City Eye Photography offers quality stock images of the livable city. Our team has over a decade of experience in both policy planning and urban design photography. By capturing the best of public space, infill housing, public art, and high, medium and low density housing, our stock images are designed to assist you in developing the vision for your development project or city plan.

Not a large collection yet, but it shows promise.  And it helps Vancouver show off.

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UBC urban-planning professor Larry Frank has been on the front lines of the sprawl debate. And the current issue of Science News has a fine cover-page story on the controversy.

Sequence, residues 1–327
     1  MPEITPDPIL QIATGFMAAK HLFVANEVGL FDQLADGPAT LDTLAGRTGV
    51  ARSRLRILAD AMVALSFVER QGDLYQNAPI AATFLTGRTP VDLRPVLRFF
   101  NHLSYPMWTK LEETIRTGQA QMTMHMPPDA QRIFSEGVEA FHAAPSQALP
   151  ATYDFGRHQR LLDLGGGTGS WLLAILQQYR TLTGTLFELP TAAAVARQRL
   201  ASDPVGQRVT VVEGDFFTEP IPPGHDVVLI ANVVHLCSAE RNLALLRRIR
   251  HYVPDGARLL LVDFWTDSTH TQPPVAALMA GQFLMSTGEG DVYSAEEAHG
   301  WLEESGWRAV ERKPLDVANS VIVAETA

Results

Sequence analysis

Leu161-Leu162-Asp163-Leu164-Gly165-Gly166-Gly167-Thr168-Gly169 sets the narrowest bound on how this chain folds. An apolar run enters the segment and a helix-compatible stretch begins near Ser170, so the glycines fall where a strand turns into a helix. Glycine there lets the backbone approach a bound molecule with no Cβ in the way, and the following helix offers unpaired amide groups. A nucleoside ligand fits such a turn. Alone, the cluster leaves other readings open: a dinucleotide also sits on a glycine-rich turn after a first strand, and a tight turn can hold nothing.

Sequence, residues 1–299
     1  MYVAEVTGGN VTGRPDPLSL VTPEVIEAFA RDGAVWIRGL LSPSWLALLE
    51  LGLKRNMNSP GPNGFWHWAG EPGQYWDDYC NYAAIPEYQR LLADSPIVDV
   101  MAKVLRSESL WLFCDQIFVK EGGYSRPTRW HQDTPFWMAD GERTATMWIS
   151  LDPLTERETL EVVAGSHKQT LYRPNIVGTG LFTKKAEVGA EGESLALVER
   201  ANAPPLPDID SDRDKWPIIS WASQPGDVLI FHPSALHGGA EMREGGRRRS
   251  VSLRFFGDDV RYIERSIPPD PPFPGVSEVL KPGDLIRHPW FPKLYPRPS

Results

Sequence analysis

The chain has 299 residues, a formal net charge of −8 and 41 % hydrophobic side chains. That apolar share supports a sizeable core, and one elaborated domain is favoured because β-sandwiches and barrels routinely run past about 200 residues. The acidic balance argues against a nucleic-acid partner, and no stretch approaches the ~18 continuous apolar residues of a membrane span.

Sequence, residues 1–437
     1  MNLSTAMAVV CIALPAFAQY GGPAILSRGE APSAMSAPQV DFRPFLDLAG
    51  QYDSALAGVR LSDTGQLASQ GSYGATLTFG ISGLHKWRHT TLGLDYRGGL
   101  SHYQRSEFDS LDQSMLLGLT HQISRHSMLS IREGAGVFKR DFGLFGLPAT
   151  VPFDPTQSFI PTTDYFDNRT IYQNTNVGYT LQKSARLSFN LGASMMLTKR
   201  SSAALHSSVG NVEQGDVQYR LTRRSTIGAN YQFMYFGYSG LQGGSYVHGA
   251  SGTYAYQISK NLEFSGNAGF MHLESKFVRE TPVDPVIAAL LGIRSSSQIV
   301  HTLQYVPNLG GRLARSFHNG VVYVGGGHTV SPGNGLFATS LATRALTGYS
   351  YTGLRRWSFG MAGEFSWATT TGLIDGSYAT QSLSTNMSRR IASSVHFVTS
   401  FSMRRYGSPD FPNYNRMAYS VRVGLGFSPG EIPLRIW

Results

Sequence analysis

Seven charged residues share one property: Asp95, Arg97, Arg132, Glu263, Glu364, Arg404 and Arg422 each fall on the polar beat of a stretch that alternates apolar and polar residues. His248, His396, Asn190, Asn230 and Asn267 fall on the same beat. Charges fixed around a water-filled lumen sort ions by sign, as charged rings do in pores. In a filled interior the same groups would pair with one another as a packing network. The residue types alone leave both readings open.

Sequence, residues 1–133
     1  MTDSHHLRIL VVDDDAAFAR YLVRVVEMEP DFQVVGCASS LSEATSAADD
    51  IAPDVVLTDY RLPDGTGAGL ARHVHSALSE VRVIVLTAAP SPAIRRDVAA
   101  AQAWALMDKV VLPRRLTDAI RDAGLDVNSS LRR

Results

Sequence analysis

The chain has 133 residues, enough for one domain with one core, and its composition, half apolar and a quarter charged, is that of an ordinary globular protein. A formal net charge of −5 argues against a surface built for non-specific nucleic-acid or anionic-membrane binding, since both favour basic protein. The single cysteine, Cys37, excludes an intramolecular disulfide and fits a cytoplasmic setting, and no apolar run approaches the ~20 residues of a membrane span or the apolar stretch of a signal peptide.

Larry did much of his research in Atlanta, Georgia, where he lived for many years. After moving to Vancouver, he personally experienced the consequences of the city’s different design.

The glaring difference between the two cities’ landscapes figures in Frank’s professional life as well as in his personal one….
He and other researchers have evidence that associates health problems with urban sprawl, a loose term for humanmade landscapes characterized by a low density of buildings, dependence on automobiles, and a separation of residential and commercial areas.
Frank proposes that sprawl discourages physical activity, but some researchers suggest that people who don’t care to exercise choose suburban life. Besides working to settle that disagreement, researchers are looking at facets of urban design that may shortchange health.